My favorite character so far is Connie. I find her very brave to stay in that house. I don't think I would have. The snakes would have been it for me. The inconsistancies with the house I figured had to do with the house being bewitched. The fact that the dog found the house and felt right at home makes me wonder if he is Dog or reincarnation of Dog. There seems to be a supernatural power at work here. Connie's daydreams I see as visions which makes me wonder if she is related to Deliverance. There are many correlations to both stories and it will be interesting to see how they play out.

 

I am enjoying the book very much but finding it very hard not to read ahead.

 

 

 

 

Beth

http://bookaholicmom.blogspot.com/
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Immortal-Spirit
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Re: Part I, Chapters 1-6

I'm with PB684 about the posts.  I find that as I read the other posts, that what I wanted to say has already been said.  What to do......

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bookowlie
Posts: 177
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Re: Part I, Chapters 1-6

I agree with both of you.  For a smart girl, Connie seems clueless about the strange happenings so far.  Why doesn't she question the vision she sees of a man and woman in Granna's garden?  The strange sensation in her hand when she touches the Bible in Granna's house?  Why isn't she jumping out of her skin?!

  

 


pen21 wrote:

kate23 wrote:
I forgot to mention that I can't believe, unless I missed something, that Connie didn't even think about the bottles in her granna's kitchen when she reviewed the list for Deliverance Dane in probate.

I totally agree with you. It seemed so obvious.

Hopefully Connie will catch up with us in the coming chapters.


 

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bookowlie
Posts: 177
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Re: House & Garden

Wow, you have already finished the book - I am impressed!  I find that I am reading a little slower than I normally do so as not to miss the slightest detail.  I also thought it was an oversight on the author's part that Connie doesn't question the strange things in the house.  It seems like the author was more interested in laying out the details for the reader, instead of making the main character more believable in her observations.  Just my opinion.

 

 

 


kren250 wrote:
I thought it might be a good question to ask the author and editor:-). I've already finished the book.
januttall wrote:

kren250 wrote:

It seems odd to me though that Connie and Liz wouldn't notice that things are "off" in the house. If Connie had said to Liz, "Wow, it sure is strange things are blooming in the garden in early June, and we have running water in a non-electrified house that's been abandoned for twenty years!", I totally would've gone with the idea that the house was bewitched. But the fact that the characters don't notice it leaves me reason to believe it is an oversight on the author's and editor's part.

'

 


 

I understand where you're coming from, but I have to agree to disagree on this one.  I feel it's all a part of the greater scheme.  Since the author is from the area in which the story takes place, I am finding it hard to believe otherwise.  It will be interesting to see how this plays out and if indeed that is the case.  If not, it will certainly be a good question for Katherine!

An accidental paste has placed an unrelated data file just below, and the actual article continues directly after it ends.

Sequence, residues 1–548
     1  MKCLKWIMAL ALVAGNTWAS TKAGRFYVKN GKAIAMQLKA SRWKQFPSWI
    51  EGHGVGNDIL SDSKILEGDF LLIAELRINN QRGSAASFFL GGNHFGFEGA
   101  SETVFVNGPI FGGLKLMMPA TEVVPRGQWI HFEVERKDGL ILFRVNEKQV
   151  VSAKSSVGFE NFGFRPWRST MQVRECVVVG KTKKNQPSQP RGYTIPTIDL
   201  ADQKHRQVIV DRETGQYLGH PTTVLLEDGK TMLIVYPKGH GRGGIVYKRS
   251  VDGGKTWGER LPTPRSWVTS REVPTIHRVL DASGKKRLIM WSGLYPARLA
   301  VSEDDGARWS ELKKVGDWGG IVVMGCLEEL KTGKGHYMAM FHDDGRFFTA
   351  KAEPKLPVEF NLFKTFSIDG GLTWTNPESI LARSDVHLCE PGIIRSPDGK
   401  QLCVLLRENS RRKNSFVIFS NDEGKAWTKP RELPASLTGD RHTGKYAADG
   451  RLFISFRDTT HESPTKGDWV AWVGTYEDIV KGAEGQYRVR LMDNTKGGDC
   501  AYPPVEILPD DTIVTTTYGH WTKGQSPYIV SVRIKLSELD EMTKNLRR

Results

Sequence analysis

Message Edited by januttall on 03-30-2009 07:39 PM

 


 

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LeisaPS
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Re: Part I, Chapters 1-6


retromom wrote:

First off I have to say I love the feel of the book. I like the cover and the heavy pages. The spine I am finding stiff but it's getting better as I read more of the book.

 

I like the way Katherine Howe has the two time periods flowing smoothly. I don't find it difficult to go back and forth between the time periods as I have with other books I have recently read. Her writing style keeps me wanting to read more. Some of the large words I found distracting at first but I got used to her style quickly.

 

My favorite character so far is Connie. I find her very brave to stay in that house. I don't think I would have. The snakes would have been it for me. The inconsistancies with the house I figured had to do with the house being bewitched. The fact that the dog found the house and felt right at home makes me wonder if he is Dog or reincarnation of Dog. There seems to be a supernatural power at work here. Connie's daydreams I see as visions which makes me wonder if she is related to Deliverance. There are many correlations to both stories and it will be interesting to see how they play out.

 

I am enjoying the book very much but finding it very hard not to read ahead.

 

 

 

 


 

I agree....I also love the feel and cover of the book, but am disliking the stiffness of the spine -- it's so hard to hold it to read in the bathtub!! 

 

I like the way that Ms. Howe uses the dialect of the residents in the 1600s ("Marther", for example) and the changes in time periods only leaves the reader in suspense for the next chapter, wanting to read on to see how these time periods will reventually relate.

 

I, too was a bit skeptical about the house. After 20 years, I would imagine that raccoons would move in, along with the snakes and mice and pigeons, etc. and that house would be a total mess with broken windows and mould, creepy crawlies and inches of dust. I certainly wouldn't want to stay there....  And food??? I'd have to have food and where would I put my milk in the heat of summer for my tea?  And how would I boil water for my tea?  (I also asked my husband about the water...if it was a well, they would still need electricity to run the pump to get the water out of the tap.....) 

 

Oh, well, this is a novel, a work of fiction based on fact, and it is still extremely good! I am about halfway through now and trying to pace myself, but it is hard.....


 

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dhaupt
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Re: Part I, Chapters 1-6


ABH47 wrote:

 

One thing I've had a bit of trouble with was the 1682 Salem trial where there were many female witnesses reading their hand written statements. I thought back then that women were not as literate as men and that, even if the women could read, having been taught from the Bible, they most likely would not have known how to write. I would appreciate knowing if anyone has information on this, as I tried to research it and couldn't find much.